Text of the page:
So this was one of the papers I printed out last year since it cited Koubarakis (2003), and am reading as part of trying to put together an invited paper for the AP2PC 2007 workshop proceedings. Putting together the proceedings and the invited paper has been a somewhat ill fated process interrupted by the death of my father, the collapse of the industry grant that was funding my position at University of Hawaii, and the birth of my twin sons! I am back on track now, although new crises loom on the horizon I am actually making some progress reading all the papers I printed out last October (Sycara, 1998; Sycara, 1991; Rosenschein, 1993; Koubarakis, 2003). If I can just hang in there I can wrap this thing up by the end of the summer - fingers crossed.
So after reading this paper I think I probably should have been reading Shehory (2000) which describes the distributed agent location mechanism that this paper is evaluating in comparison with centralized location mechanisms. However this is the one I had printed out, so partly not to waste the paper, and also because it is easier to read paper papers when pushing the twin stroller around I am sticking with this. It also reflects my earlier literature searching tendencies to print out things that look interesting without necessarily doing sufficient investigation to find the critical highly-cited papers in a particular domain; but enough of that.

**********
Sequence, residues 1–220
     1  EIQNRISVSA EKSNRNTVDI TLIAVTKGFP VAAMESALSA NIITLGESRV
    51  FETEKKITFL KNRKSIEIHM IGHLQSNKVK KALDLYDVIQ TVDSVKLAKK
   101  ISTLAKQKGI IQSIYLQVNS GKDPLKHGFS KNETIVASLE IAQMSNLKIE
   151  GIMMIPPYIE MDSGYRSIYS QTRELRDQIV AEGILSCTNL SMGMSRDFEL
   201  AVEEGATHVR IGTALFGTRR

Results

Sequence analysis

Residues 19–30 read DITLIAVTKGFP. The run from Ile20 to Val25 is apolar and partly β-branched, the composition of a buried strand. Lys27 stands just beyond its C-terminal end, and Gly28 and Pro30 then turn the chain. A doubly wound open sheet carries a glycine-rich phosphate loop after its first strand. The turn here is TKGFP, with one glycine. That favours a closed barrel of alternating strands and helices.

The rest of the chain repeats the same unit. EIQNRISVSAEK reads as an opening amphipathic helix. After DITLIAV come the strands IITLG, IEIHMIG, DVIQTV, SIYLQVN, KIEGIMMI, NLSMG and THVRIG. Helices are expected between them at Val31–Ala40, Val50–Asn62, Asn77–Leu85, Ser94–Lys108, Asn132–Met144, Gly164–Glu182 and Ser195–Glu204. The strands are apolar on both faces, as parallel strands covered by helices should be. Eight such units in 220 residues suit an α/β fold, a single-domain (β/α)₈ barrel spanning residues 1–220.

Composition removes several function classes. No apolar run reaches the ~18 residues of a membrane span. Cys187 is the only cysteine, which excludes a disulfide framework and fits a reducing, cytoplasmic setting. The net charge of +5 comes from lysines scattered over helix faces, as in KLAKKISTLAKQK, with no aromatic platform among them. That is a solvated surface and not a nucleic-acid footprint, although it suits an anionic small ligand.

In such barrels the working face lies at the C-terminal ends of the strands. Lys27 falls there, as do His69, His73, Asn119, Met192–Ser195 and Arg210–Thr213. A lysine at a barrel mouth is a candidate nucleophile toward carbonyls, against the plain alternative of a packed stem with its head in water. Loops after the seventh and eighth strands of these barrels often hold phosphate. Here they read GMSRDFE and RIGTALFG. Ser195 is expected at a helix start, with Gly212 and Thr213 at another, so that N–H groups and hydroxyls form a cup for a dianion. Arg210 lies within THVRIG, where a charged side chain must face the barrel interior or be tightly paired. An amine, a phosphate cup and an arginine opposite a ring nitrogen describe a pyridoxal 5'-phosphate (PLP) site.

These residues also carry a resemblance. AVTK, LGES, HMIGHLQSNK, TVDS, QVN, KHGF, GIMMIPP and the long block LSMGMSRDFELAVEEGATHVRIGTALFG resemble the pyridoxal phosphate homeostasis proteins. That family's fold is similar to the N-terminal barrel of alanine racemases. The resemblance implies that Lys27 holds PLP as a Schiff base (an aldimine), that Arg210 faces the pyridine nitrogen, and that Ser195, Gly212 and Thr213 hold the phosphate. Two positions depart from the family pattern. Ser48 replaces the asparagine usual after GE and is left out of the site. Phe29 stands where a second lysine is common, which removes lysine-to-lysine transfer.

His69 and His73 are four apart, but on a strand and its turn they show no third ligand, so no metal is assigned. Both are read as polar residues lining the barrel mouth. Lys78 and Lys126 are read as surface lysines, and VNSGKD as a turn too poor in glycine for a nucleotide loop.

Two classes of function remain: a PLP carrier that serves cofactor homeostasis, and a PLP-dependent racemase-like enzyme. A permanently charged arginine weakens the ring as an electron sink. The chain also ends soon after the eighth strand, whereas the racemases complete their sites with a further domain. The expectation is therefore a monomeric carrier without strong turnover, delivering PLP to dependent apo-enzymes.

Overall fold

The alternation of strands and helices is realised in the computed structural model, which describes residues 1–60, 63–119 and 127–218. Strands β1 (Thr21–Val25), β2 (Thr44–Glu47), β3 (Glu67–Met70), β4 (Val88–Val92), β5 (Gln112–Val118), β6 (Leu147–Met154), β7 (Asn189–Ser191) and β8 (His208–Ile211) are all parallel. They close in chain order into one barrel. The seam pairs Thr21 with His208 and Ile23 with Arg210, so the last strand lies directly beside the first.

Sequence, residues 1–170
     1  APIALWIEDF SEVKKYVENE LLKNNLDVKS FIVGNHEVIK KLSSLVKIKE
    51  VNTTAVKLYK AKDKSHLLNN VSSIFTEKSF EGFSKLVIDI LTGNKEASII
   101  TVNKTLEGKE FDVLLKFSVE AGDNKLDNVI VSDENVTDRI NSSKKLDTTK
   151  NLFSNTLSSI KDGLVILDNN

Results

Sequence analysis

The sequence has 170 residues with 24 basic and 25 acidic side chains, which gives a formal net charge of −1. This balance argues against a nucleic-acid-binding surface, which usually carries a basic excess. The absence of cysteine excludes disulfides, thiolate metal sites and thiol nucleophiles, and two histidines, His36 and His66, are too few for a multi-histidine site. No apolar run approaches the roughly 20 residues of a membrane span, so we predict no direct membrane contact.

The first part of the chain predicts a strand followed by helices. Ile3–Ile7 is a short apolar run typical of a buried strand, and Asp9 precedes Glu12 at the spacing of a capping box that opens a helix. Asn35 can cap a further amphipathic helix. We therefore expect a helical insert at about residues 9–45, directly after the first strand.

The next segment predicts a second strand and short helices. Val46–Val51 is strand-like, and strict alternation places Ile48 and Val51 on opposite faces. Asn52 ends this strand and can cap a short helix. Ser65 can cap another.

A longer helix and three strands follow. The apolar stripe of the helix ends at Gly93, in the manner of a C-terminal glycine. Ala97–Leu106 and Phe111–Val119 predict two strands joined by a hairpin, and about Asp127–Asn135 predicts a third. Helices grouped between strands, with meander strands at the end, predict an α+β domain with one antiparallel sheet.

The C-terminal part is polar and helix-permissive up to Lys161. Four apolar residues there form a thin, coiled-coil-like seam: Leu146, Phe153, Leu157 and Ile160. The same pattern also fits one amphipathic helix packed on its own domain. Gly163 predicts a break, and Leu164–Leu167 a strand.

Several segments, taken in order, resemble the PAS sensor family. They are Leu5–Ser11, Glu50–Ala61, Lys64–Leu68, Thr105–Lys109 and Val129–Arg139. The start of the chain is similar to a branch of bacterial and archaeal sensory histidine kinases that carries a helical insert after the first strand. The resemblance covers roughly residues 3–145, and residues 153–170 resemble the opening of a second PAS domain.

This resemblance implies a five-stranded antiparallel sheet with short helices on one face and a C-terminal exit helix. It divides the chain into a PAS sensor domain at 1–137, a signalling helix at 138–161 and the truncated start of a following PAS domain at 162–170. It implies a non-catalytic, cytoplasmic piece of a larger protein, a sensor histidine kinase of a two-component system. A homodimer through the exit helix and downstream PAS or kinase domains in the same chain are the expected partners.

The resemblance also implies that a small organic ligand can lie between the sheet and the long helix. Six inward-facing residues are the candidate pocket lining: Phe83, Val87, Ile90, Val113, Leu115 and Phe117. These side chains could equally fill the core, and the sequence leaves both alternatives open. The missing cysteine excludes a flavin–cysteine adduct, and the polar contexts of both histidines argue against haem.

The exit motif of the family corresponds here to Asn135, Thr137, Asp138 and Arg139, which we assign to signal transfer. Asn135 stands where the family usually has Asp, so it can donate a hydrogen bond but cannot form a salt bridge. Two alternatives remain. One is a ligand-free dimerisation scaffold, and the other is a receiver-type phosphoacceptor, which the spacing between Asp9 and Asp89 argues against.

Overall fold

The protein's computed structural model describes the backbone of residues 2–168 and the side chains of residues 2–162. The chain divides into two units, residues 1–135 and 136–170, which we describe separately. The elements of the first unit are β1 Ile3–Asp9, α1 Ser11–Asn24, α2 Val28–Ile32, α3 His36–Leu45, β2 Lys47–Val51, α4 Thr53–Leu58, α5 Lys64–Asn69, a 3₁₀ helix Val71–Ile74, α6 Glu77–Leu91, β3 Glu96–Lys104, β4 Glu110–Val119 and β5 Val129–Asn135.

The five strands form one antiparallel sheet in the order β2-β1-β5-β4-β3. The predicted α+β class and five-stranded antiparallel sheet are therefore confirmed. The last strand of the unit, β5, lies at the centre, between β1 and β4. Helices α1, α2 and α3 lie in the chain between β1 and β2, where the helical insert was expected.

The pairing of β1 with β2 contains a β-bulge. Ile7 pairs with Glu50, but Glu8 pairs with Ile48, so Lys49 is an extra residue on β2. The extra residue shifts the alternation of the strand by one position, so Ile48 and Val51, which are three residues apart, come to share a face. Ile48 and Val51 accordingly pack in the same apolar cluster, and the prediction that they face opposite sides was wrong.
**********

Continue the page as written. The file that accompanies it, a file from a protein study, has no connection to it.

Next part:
This paper was presented at AAMAS 2005, which I attended. It describes a number of problems associated with centralized location services
the middle agent that supplies the directory services becomes one of the system failure points and/or communication bottlenecksalthough no academic or industry systems are cited. I get the feeling that the problems described are based on observations of toy systems and simulations rather than on experience with really large scale systems. I may be wrong, but the paper is not really providing me re-assurance to the contrary. The paper mentions the P2P approach, but only the flooding model is considered rather than anything more sophisticated like a distributed hashtable (DHT) although this is understandable given the year of publication. Compared to simulations of P2P systems, the testing of simply random and grid networks seems a little overly simplistic. Furthermore the efforts at generalizability are restricted to a fixed number of repeat runs rather than an assessment of the number of runs needed to achieve a particular confidence level. Of course the same criticism could be leveled at most P2P simulation studies.
The main conclusions of the paper are as follows:
- the response time of a distributed location mechanism is significantly better than the response time of a centralized one, in particular for large scale MAS (see fig 1 above). This result does not hold, however, in capability-deprived MAS, where a centralized mechanism will perform better.
- it is evident that a centralized location mechanism is very sensitive to workloads. At a medium to high load, in particular in large MAS, the centralized mechanism will perform poorly, whereas the distributed one will hardly be affected.
- the advantages of the distributed solution do come at the cost of a communication overhead
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